If Ontology, Then Knowledge: Catching Up With WebOnt

May 1, 2002

Kendall Grant Clark

There are at least two broad plans for the direction in which the Web may evolve and, significantly, each of them has XML as a keystone.

The first, known colloquially as "web services", is largely the domain of the largest corporate IT vendors, most notably Microsoft and IBM. The web services movement is often criticized by its detractors for having, in the end, very little to do with the Web, a criticism most recently levied in these pages by Edd Dumbill's essay, "Kicking Out the Cuckoo".

The second, the "Semantic Web", is largely the domain of the W3C, academic, government, and some industry researchers. Curiously, the W3C seems to have taken the position that the Semantic Web, or something very much like it, is inevitable, if the Web is to mature fully: "For the Web to reach its full potential, it must evolve into a Semantic Web, providing a universally accessible platform that allows data to be shared and processed by automated tools as well as by people" (Semantic Web Activity Statement). The Semantic Web is most often criticized by its detractors for having, in the end, very little to do with reality; or, put less pointedly, for being easier to dream about than to implement. Mike Champion suggested recently that the "conventional wisdom" criticizes the W3C's Semantic Web efforts along three grounds: first, that achieving web services interoperability has a higher priority for W3C member corporations than Semantic Web efforts; second, that Semantic Web efforts have not shown yet sufficient practical fruit; third, that the Semantic Web as a technological program is unlikely to ever live up to its promise.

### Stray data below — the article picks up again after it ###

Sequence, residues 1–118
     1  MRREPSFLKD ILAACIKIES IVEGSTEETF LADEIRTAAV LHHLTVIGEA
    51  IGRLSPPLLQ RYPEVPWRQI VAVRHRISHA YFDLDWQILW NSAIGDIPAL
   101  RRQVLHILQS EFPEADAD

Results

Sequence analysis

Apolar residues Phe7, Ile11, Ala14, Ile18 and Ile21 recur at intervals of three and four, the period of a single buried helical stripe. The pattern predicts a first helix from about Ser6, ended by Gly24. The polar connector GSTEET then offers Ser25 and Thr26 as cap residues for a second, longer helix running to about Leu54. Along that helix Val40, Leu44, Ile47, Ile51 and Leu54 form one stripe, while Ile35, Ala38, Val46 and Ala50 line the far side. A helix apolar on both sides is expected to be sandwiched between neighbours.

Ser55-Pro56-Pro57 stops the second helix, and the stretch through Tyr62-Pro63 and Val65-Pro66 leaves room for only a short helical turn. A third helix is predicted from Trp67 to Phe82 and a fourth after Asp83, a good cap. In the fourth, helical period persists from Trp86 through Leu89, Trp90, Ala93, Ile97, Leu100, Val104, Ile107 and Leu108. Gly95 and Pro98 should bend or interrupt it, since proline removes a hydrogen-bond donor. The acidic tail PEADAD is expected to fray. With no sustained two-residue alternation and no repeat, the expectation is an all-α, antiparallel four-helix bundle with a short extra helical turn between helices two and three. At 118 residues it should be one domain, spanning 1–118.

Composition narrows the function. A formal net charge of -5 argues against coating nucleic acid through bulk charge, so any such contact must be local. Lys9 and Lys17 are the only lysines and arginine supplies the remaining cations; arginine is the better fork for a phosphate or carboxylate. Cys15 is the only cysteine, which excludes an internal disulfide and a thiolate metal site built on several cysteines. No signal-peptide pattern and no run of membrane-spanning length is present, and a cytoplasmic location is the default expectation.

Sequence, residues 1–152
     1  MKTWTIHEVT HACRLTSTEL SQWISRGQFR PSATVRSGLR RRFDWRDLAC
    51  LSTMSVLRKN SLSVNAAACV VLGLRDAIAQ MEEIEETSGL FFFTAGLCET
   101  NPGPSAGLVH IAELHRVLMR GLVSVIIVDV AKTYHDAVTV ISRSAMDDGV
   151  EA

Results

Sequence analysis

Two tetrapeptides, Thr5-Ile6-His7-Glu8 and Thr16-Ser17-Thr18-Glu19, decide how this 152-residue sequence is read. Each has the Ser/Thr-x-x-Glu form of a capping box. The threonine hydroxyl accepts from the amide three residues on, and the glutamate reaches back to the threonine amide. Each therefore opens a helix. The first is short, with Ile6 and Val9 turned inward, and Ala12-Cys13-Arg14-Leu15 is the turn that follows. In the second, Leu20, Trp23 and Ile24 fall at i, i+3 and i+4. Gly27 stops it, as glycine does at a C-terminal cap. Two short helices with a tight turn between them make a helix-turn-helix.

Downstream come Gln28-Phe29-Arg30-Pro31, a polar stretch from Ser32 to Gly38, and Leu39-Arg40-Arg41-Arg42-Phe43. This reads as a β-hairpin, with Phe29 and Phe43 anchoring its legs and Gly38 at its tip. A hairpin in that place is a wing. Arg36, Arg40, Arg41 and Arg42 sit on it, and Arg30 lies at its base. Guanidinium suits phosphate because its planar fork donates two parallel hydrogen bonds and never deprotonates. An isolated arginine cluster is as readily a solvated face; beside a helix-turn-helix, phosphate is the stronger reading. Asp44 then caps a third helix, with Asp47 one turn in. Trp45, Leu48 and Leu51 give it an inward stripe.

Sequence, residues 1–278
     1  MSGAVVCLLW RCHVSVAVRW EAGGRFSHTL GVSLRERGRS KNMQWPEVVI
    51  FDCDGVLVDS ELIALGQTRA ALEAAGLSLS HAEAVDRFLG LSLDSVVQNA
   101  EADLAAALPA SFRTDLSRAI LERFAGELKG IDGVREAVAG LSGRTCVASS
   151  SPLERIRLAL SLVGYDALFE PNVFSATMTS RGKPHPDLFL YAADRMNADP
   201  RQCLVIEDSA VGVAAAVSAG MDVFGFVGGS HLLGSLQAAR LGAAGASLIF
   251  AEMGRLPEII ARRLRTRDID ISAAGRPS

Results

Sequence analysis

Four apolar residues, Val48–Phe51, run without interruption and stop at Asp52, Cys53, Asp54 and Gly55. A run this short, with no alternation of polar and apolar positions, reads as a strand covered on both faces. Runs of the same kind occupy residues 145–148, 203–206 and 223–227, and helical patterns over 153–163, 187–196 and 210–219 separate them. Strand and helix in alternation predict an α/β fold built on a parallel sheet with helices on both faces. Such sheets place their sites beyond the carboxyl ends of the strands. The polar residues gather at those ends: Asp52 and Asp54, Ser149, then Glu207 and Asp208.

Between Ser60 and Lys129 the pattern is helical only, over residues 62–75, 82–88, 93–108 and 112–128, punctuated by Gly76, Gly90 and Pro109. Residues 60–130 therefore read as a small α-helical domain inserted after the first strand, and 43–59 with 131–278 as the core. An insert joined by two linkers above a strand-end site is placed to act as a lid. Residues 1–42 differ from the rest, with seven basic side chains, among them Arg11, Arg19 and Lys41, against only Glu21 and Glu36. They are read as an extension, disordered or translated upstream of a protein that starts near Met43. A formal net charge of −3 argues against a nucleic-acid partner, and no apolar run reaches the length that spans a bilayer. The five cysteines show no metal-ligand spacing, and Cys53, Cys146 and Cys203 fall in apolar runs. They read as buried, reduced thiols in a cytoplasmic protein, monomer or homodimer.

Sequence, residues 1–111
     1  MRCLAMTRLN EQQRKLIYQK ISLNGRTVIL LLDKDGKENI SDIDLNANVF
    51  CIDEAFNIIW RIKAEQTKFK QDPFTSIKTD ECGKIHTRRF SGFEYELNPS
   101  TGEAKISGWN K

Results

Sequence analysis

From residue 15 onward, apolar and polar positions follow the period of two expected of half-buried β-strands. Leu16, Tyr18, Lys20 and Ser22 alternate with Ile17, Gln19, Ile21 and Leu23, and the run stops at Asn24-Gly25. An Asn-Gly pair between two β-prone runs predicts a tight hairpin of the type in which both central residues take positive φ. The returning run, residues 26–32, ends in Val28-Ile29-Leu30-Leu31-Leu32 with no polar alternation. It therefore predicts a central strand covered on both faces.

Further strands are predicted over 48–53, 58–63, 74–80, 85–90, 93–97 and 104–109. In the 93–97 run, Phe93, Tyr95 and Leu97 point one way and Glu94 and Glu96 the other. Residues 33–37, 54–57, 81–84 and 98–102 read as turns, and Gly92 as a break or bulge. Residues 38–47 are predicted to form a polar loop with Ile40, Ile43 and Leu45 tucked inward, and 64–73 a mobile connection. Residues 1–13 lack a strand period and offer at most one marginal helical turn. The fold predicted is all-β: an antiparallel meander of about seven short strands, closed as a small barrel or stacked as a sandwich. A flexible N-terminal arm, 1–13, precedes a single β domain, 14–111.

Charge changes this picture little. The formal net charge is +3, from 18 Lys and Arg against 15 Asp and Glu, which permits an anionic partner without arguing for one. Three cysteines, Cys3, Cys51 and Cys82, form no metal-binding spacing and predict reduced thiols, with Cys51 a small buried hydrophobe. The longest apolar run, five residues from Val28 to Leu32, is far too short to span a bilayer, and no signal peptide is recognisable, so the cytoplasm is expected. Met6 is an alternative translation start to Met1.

In what follows I introduce one of the major elements of the W3C's Semantic Web initiative, the Web Ontology Working Group (hereafter, "WebOnt"), explaining its goals, deliverables, and progress to date.

What is WebOnt Supposed to Do?

In short, WebOnt, co-chaired by Professor Jim Hendler (of University of Maryland) and Professor Guus Schreiber (of University of Amsterdam), has been given the task of developing an ontology vocabulary for use in the Semantic Web (which is to be distinguished from an ontology of the Web, i.e., a formal schema of what there is on the Web: hosts, resources, media types, and the like). This ontology vocabulary or ontology language corresponds to the foundational stratum of Tim Berners-Lee's Web Architecture layer cake diagram. But what is an ontology vocabulary? It is a formal schema (in this sense, having little to do with W3C XML Schema) which, as the WebOnt Charter puts it, allows for the "explicit representation of term vocabularies and the relationships between entities in these vocabularies".